THE DAY WE drive to Berryville is gray, and the kiddos are restless in the back of our van. We have two boys—an 18-month-old and a 3-year-old—and they spar with plastic swords across the gap separating their seats. As we crest each Ozark hill, more and more dead trees appear, poking like finger bones from the Earth. We arch through Arkansas towns: Goshen, Marble and Metalton, a small community gathered around a sprawling scrapyard.
And then: Berryville.
The town is one of Carroll County’s two county seats. The other is Berryville’s quirky little sister, Eureka Springs. Yet where Eureka Springs is outwardly facing, beckoning tourists, Berryville feels much more like its own community. Even its largest attraction and our first stop, Cosmic Cavern, operates like a family affair. Forty feet from the gift-shop entrance, goats bleat and nose the wire fence keeping them at bay. When we carry the kids inside, a woman up front raises her eyebrows.
“You’re from out of town,” she says. It’s not a question. She quickly smiles, though, when she sees the boys, and starts telling me about the local parks for children.
I let loose the stir-crazy kids to play, and they immediately trundle to the racks of precious stones, submerging their hands one after the other in the bins of cold malachite, then pyrite and so on. My wife follows in their wake, re-sorting what they unsort and casting apologetic glances at the woman in the front.
After a few minutes, we begin our descent down century-old stone steps into the Earth—a tour party of four, plus the guide.
The first thing the guide points out to us are the bats sleeping overhead. They look like bundles of iron filings congregating on invisible magnets. Their fur, slicked into spikes by cave moisture, glitters in the beam from the flashlight. Watching the tiny bats sleep, it strikes me that although the souvenirs in the gift shop are the typical fare, this cave is truly unique.
Down another flight, the guide picks up a stone the size of a coconut and presses her flashlight to it, turning the whole thing a luminescent orange, like a giant ember. This is cave onyx, she tells us. She sets down the stone and turns to a wall.
“We call this a cave egg,” she says, pressing the light against a bump on the wall. It lights up like the moon. Our kids walk toward it, each reaching out with a single finger.
“Eggy,” they whisper, in wonder.
We keep burrowing, over 300 feet into the Earth. The air is wet and the temperature a balmy 68 degrees. Walking single-file along the wooden bridges between rooms, our guide continues to illuminate formations. They range from awe-inspiring (long tubular stalactites called “soda straws”) to eclectic:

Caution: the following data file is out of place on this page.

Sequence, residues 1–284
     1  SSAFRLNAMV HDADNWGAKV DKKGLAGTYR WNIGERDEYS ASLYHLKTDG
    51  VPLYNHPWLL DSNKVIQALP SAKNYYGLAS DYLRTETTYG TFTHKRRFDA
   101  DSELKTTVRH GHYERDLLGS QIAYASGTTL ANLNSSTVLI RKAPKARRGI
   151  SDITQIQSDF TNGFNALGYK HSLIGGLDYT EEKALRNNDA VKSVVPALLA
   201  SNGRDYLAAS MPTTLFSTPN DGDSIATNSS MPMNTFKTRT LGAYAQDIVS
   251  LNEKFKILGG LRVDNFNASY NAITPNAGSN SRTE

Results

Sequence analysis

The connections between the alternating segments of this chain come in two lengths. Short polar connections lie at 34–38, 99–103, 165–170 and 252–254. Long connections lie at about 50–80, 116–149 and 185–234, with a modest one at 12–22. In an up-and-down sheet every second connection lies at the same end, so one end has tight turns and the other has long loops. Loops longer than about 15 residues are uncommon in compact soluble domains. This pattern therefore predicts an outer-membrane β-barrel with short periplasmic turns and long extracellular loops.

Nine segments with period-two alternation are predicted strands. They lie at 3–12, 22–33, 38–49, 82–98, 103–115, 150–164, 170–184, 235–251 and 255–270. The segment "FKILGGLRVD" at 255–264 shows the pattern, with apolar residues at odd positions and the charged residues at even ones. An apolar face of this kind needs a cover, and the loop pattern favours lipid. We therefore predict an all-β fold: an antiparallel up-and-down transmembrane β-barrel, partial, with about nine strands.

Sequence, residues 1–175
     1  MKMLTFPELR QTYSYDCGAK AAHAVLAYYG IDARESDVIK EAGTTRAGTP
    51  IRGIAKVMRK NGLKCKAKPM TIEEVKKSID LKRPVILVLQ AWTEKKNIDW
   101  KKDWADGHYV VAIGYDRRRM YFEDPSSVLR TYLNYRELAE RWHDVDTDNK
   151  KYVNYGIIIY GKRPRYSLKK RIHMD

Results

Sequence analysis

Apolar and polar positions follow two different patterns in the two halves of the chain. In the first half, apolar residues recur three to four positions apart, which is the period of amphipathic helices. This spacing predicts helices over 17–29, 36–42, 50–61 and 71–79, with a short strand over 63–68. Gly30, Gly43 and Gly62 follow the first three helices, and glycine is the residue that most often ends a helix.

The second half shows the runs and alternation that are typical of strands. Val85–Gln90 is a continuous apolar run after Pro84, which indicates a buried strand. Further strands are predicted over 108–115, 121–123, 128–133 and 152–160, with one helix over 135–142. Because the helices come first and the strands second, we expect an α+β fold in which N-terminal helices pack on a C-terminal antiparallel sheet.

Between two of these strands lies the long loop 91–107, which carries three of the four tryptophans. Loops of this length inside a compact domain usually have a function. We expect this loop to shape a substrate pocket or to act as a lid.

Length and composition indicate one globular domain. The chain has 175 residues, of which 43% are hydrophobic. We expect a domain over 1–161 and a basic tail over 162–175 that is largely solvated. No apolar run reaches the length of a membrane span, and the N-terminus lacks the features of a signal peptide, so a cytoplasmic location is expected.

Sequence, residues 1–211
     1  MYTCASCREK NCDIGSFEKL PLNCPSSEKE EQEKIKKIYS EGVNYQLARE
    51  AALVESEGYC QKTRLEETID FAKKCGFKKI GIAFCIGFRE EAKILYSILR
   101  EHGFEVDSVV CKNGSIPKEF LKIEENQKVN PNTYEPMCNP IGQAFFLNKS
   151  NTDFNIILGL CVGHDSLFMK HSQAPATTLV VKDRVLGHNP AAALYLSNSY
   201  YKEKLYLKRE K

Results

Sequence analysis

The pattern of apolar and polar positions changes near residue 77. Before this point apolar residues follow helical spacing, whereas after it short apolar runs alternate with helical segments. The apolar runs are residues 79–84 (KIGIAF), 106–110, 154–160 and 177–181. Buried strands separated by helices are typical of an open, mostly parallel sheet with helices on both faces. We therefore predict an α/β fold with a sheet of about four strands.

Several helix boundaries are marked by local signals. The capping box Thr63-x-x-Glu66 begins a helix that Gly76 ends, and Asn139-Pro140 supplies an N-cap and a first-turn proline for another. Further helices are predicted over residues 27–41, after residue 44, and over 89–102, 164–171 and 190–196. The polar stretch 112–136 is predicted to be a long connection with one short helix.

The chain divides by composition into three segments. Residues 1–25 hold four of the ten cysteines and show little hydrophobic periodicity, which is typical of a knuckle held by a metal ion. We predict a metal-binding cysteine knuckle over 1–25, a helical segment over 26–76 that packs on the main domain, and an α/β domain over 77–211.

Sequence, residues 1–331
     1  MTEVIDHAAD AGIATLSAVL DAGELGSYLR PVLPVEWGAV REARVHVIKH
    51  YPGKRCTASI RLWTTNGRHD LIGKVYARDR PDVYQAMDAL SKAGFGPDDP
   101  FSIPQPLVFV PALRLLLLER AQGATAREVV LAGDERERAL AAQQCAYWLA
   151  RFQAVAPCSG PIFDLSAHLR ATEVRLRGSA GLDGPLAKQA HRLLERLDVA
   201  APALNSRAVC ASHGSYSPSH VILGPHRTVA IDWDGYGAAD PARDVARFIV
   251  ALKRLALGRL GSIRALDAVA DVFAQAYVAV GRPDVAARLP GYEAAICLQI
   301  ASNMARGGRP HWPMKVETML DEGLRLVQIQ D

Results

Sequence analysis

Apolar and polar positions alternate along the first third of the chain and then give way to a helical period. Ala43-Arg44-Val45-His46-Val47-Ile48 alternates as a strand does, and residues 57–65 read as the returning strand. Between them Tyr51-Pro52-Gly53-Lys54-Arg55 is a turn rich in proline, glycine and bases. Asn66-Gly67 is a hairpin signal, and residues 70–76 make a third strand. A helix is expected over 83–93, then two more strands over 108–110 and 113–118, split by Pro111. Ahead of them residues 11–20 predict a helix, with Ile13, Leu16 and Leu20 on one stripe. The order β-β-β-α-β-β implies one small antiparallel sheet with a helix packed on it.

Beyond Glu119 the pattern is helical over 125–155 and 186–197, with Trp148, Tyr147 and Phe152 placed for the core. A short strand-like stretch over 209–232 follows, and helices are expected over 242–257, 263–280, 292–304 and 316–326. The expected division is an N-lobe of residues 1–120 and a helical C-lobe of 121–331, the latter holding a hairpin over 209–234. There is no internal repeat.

“That’s the world’s oldest toasted marshmallow,” our guide says, pointing to one stalactite formed by centuries of dripping calcium-rich water and colored, indeed, like a toasted marshmallow. She also points out a corn dog, a “cat on a hill,” a candle, a corkscrew and the crowning jewel of Cosmic Cavern, Santa Claus.
“There’s the nose, the beard, the knees,” she says, and my wife and I have to admit, the likeness is uncanny. Meanwhile, the boys strain to find holes in the fenced railings and fling handfuls of muck into the bottomless, blue-blue lakes of the subterranean.
Before we resurface, a radio crackles in what sounds like a rough estimation of language. Our guide leans toward it, then smiles and translates.
“There’s a goat being born up there right now.”
Our second big stop, this time in Berryville proper, is the Saunders Museum, which displays pistols that belonged to Annie Oakley, Billy the Kid and Jesse James, as well as artifacts connected to Pancho Villa and Chief Sitting Bull. I’m excited to wander the small building, which one nearby billboard hails as having “Something for Everyone,” but when we arrive, the museum has been closed until early springtime.
As we begin circling the town square, pushing our kids in a double stroller, we quickly discover that if Berryville has a “season,” this definitely isn’t it. Like the museum, a number of shops are closed for another month; many others have reduced hours.
We pace the sidewalks, peeping into store windows. A TV repair shop displays one of those wooden-legged cathode-ray tube TVs from the ’60s, posed across from a manikin in a red chiffon dress. An antiques shop across the square features a clawfoot tub filled with clear plastic bubbles (perhaps repurposed Christmas ornaments) and occupied by another, this time nude, manikin. There’s something delightfully kitschy about the displays, and at each window, our kids press their hands to the glass, gazing at the spectacles inside.
We pick up some cash from an ATM and head back toward where we parked, planning to pick up food at the Garner’s Drive-in (a cash-only establishment). On our way, we pass what looks to be a toy store—the front windows feature a number of custom-made dollhouses—but there’s no sign out front. On the front door, a sign says the building is closed for business, but to ring the bell for queries. We ring the bell.
After about a minute, a woman who looks to be in her late 70s opens the door. She’s wearing house clothes and slippers and seems to be rubbing sleep from her eyes.
“Sorry,” she yawns. “I took a nap after lunch.”